Faceted rutile, 3.79 cts, Brazil. Photo by Didier Descouens. Licensed under CC By 3.0.

Cabochons might show reddish reflections in cracks and along imperfections.

You’re more likely to find natural rutiles in mineral collections than in jewelry collections. However, synthetic rutiles have a history of use as diamond simulants or lookalikes. As jewelry stones, synthetic rutiles may be encountered more often than natural rutiles. They can show greater transparency, which can help highlight their dispersion, and can come in a wide range of colors.

synthetic rutile - dispersion

This synthetic rutile shows exceptional dispersion. Photo © Joel E. Arem, PhD, FGA. Used with permission.

Identifying Characteristics

Rutile’s most distinctive characteristic is its high dispersion of 0.28. It surpasses the dispersion of almost all facetable gem materials. Only cinnabar has a higher dispersion. However, it can rarely be cut in a way that shows off this property. (Cinnabar’s other properties will also make it readily distinguishable from rutile).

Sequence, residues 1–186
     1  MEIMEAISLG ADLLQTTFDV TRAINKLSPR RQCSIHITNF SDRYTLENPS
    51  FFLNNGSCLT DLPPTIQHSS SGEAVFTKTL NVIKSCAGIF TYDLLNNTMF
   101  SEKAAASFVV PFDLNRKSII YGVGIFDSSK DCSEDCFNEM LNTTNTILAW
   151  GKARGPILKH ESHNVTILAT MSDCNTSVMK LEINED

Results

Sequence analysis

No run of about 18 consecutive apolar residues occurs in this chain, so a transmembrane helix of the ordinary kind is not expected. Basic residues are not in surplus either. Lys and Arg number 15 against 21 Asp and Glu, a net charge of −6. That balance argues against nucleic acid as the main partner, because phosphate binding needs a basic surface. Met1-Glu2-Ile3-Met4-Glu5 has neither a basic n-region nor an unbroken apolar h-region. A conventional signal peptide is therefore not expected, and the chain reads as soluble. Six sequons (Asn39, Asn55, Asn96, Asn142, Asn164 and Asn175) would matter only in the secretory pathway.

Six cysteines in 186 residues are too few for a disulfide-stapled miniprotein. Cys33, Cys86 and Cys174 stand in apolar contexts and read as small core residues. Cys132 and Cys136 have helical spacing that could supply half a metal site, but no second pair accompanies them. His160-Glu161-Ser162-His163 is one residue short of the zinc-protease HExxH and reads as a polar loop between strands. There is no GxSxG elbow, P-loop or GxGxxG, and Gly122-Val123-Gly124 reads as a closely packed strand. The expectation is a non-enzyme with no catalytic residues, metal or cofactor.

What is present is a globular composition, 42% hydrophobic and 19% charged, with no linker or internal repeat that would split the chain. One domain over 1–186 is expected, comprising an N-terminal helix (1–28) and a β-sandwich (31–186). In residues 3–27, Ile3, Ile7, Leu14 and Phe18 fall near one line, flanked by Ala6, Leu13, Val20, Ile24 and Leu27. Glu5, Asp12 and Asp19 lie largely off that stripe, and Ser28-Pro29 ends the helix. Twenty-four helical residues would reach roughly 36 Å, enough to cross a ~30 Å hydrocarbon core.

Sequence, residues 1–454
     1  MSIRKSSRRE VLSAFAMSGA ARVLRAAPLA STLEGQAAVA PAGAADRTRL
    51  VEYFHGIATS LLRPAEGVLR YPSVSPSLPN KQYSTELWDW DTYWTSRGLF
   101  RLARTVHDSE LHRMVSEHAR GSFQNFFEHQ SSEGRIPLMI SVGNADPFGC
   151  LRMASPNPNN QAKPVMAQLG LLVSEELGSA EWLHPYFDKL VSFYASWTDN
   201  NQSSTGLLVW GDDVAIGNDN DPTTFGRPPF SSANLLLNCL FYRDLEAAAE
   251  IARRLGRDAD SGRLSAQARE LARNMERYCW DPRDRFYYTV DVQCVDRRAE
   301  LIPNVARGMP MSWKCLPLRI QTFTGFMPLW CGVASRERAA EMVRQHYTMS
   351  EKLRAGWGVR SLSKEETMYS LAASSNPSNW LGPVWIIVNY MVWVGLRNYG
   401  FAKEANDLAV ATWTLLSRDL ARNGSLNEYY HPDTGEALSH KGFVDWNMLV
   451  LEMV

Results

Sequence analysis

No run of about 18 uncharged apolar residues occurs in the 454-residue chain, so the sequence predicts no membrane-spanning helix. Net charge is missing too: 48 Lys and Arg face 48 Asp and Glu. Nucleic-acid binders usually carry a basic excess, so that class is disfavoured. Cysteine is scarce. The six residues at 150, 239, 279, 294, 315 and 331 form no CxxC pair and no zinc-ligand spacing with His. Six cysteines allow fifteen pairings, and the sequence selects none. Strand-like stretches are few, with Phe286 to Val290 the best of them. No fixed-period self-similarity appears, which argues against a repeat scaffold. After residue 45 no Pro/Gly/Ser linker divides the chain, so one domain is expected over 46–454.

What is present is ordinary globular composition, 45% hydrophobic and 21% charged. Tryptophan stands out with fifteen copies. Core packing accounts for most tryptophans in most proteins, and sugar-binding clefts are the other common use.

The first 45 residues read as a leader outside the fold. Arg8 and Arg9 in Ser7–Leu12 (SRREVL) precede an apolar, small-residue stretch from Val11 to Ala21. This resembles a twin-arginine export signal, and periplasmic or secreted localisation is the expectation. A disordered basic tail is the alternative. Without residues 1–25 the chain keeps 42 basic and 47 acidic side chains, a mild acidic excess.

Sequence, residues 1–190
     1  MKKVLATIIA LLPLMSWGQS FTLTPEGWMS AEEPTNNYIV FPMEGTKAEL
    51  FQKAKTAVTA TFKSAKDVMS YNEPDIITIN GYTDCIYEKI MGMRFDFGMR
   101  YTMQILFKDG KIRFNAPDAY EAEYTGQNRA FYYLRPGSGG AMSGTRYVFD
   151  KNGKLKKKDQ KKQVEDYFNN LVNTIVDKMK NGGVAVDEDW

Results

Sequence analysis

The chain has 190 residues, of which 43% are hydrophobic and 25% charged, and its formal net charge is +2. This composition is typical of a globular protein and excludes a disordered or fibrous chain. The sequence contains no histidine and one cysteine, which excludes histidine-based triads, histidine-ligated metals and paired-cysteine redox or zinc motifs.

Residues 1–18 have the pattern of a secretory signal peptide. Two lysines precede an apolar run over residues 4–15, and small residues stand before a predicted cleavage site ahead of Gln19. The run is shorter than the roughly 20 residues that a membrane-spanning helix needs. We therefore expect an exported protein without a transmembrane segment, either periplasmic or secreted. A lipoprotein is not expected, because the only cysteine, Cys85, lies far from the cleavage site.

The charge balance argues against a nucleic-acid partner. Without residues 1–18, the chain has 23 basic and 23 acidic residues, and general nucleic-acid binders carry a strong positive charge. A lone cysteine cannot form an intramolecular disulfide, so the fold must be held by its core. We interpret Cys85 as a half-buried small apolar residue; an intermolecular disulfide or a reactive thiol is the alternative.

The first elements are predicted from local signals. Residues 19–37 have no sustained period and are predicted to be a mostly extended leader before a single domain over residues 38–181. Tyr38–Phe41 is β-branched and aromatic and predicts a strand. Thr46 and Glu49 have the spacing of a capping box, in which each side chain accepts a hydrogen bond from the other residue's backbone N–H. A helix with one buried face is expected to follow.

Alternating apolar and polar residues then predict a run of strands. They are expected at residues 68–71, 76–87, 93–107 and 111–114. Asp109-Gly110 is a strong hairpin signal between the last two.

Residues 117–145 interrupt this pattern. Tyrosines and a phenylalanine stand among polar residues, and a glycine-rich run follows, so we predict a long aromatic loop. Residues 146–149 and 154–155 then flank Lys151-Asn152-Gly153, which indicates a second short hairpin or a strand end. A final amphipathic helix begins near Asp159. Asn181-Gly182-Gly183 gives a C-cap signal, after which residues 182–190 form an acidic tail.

Rutiles have a color range that overlaps with polymorphs as well as group mates. However, rutiles have greater hardness and specific gravity (SG) values than anatases and brookites. On the other hand, cassiterites are harder and much more dense.

Swiss rutile seems a bit more transparent than natural material from other localities.

Rutile’s SG varies somewhat in relation to its trace elements.

  • Iron (Fe) bearing: 4.2 – 4.4.
  • Niobium (Nb) and tantalum (Ta) bearing: 4.2 – 5.6.

Do Synthetic Rutiles Make Good Diamond Simulants?

As a mineral, rutile has many industrial applications. Scientists have synthesized it for research into many areas, including its photocatalytic properties, like those of anatase.

Synthetic rutiles have also found jewelry use, first appearing on the gem market in 1948. Created through the Verneuil or flame fusion process, these transparent, nearly colorless gems with a yellow tinge took full advantage of rutile’s high dispersion.

synthetic rutile disk

A 25 x 4 mm disk of synthetic rutile, grown via the Verneuil technique. Photo by Krizu. Licensed under CC By-SA 3.0.